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Disable/Enable event handlers in runtime

Hi all,

I want to disable certain event handlers of a component at runtime when
I don't need them and disable them when I need them. How to do it?

Thanks in advance.

Iago.

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Re:Disable/Enable event handlers in runtime


Quote
iag...@my-deja.com wrote:

> Hi all,

> I want to disable certain event handlers of a component at runtime when
> I don't need them and disable them when I need them. How to do it?

easy.

to disable:

MyButton.OnClick:=nil;

to re-enable:

MyButton.OnClick:=Form1.ButtonClick;

Is this what you meant?

MH.

--
Martin Harvey. mar...@pergolesi.demon.co.uk
     http://www.pergolesi.demon.co.uk

Re:Disable/Enable event handlers in runtime


Quote
iag...@my-deja.com wrote:
>Hi all,

>I want to disable certain event handlers of a component at runtime when
>I don't need them and disable them when I need them. How to do it?

>Thanks in advance.

Once you defined or created an event handler you can do this:

if NeedIt then
        Form1.OnKeyPress := Form1KeyPress
else
        Form1.OnKeyPress := nil;

Smola
--
My ass is on fire

Re:Disable/Enable event handlers in runtime


Quote
On Wed, 24 May 2000 22:15:14 GMT, iag...@my-deja.com wrote:
>Hi all,

>I want to disable certain event handlers of a component at runtime when
>I don't need them and disable them when I need them. How to do it?

procedure TSomeObject.SomeProc;
var
  aProc: TNotifyEvent;
begin
  aProc := OnChange;
  OnChange := nil;
  try
    ...
  finally
    OnChange := aProc;
  end;
end;

Re:Disable/Enable event handlers in runtime


Quote
In article <392c6924.7639...@news.tel.hr>, asmol...@foi.hr (Smola) writes:
>iag...@my-deja.com wrote:

>>Hi all,

>>I want to disable certain event handlers of a component at runtime when
>>I don't need them and disable them when I need them. How to do it?

>>Thanks in advance.

>Once you defined or created an event handler you can do this:

>if NeedIt then
>    Form1.OnKeyPress := Form1KeyPress
>else
>    Form1.OnKeyPress := nil;

This shows the principal of doing it, but because the disabling is often
separated from the initial nominating, and as such disabling is usually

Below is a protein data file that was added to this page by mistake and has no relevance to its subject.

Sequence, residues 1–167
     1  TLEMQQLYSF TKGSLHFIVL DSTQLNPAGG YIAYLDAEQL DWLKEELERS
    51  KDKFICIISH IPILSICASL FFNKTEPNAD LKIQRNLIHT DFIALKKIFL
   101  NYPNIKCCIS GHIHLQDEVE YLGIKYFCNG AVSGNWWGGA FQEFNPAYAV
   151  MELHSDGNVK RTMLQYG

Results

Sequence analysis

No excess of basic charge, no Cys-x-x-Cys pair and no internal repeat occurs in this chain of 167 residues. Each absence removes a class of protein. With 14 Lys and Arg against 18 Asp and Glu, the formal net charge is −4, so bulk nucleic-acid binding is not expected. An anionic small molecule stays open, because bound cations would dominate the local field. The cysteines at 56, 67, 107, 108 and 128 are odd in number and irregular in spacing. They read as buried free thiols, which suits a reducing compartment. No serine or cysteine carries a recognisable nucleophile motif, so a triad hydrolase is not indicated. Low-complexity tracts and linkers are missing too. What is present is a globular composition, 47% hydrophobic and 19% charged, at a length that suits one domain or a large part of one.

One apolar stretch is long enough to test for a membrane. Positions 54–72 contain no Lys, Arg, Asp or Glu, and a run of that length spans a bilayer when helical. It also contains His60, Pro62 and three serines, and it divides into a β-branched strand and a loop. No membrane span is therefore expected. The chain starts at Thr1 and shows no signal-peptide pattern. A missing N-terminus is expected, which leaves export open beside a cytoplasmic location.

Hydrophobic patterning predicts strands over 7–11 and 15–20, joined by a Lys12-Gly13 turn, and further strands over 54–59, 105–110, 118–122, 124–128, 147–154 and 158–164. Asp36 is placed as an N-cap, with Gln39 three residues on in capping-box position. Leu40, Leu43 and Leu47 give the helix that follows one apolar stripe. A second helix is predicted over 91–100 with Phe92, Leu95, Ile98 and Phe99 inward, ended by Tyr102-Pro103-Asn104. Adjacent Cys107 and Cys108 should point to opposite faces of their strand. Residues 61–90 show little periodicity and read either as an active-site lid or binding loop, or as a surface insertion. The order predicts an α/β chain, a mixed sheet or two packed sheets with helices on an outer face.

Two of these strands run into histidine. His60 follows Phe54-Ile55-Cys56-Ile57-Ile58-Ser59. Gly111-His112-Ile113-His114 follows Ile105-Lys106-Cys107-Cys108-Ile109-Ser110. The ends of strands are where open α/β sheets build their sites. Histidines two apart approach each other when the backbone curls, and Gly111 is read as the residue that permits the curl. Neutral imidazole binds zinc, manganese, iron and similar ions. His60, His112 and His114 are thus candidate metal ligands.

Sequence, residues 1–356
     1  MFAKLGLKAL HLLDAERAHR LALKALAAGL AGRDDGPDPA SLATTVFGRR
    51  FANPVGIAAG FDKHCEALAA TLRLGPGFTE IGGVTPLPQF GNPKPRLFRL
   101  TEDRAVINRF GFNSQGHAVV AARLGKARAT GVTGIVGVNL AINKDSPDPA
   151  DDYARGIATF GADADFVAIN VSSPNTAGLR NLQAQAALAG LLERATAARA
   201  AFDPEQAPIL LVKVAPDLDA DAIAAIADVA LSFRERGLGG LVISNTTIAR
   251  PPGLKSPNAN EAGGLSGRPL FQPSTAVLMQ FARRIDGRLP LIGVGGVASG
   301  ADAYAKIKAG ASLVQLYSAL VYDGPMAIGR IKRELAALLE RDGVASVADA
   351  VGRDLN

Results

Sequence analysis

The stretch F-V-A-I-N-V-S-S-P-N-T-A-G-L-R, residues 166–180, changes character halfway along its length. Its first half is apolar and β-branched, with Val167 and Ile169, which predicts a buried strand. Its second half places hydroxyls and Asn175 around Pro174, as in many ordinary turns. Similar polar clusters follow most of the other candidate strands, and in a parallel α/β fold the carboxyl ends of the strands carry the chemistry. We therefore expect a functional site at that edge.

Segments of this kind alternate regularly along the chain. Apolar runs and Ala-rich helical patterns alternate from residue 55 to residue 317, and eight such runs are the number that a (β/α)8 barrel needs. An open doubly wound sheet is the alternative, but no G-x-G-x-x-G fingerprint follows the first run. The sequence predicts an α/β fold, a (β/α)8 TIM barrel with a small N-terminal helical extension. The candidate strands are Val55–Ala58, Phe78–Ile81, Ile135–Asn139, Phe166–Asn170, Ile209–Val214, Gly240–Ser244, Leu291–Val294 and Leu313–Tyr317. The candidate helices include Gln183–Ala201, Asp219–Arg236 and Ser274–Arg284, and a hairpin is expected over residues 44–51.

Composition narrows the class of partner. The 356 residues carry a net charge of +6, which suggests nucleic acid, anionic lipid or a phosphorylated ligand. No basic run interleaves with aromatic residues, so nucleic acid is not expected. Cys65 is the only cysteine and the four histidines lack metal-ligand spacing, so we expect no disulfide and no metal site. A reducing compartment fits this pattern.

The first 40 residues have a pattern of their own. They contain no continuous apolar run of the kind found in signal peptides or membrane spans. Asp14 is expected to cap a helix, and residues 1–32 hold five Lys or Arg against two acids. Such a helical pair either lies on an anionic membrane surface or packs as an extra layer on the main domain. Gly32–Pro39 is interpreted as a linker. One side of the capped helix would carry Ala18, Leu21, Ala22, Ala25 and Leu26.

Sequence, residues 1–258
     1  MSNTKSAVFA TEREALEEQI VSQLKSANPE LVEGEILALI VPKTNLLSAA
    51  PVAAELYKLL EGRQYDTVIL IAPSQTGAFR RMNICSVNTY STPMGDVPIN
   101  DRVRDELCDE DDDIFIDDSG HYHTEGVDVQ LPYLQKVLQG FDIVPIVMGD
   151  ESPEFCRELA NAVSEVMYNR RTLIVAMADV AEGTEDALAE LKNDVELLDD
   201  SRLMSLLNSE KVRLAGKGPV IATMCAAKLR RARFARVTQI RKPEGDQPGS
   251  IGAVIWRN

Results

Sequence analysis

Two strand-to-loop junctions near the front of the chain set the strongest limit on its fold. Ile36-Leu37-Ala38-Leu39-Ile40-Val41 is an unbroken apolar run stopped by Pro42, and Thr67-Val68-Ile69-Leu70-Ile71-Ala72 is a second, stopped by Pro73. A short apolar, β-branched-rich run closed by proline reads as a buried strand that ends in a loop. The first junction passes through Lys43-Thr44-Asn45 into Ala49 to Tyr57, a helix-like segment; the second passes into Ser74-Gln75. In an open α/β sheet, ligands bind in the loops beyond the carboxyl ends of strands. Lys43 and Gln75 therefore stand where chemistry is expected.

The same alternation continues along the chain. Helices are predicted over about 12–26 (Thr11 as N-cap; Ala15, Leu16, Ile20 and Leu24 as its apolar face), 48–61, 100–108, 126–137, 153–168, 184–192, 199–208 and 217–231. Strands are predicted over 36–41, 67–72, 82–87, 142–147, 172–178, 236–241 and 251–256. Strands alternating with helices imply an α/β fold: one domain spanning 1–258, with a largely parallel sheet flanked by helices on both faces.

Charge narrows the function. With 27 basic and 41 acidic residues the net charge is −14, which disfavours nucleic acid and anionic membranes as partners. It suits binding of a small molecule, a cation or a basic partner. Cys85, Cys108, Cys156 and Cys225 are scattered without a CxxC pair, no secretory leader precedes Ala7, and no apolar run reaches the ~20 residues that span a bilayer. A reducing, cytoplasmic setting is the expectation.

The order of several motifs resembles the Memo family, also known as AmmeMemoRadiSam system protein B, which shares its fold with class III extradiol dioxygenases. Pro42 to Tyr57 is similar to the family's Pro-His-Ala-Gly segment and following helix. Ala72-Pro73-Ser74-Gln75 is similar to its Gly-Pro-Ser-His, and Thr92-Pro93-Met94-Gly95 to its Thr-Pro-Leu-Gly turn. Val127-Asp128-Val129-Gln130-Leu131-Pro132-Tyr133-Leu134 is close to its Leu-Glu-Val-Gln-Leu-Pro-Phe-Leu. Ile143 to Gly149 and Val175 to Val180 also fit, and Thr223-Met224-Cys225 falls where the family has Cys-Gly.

temporary while other code is executed, it is better to store the old event
handler and replace it from the stored value.

var
  OldOnKeyPress : TKeyPressEvent;

  OldOnKeyPress := Self.OnKeyPress;
  Self.OnKeyPress := nil;
//
//. . . other code needing a nil event handler
//
  Self.OnKeyPress := OldOnKeyPress;

One less thing to remember when you modify your code six-months hence <g>.

Alan Lloyd
alangll...@aol.com

Re:Disable/Enable event handlers in runtime


Quote
<iag...@my-deja.com> wrote in message news:8ghk97$1p4$1@nnrp1.deja.com...
> Hi all,

> I want to disable certain event handlers of a component at runtime when
> I don't need them and disable them when I need them. How to do it?

> Thanks in advance.

A lot of posts have shown how to disable event handlers by setting the event
to nil. In most circumstances this works well. However there may be cases
where it makes more sense to use a boolean and test it in the handler. It
makes for less efficient code, but I often use it because I think that it
makes the code clearer and easier to debug. An extension of this concept is
to use an integer to control execution. This lets different areas of the
code disable/enable a handler without having to worry about who else might
need it disabled, e.g.

. . .
    private
        ClickDisableCount : integer;
. . .
    end;

procedure tForm1.AControlClick (Sender : tObject);

begin
if ClickDisableCount <= 0
then begin
       end;
end;

// to disable the click
inc (ClickDisableCount);

// to enable the click (if no one else has it disabled)
dec (ClickDisableCount);

Quote

> Iago.

> Sent via Deja.com http://www.deja.com/
> Before you buy.

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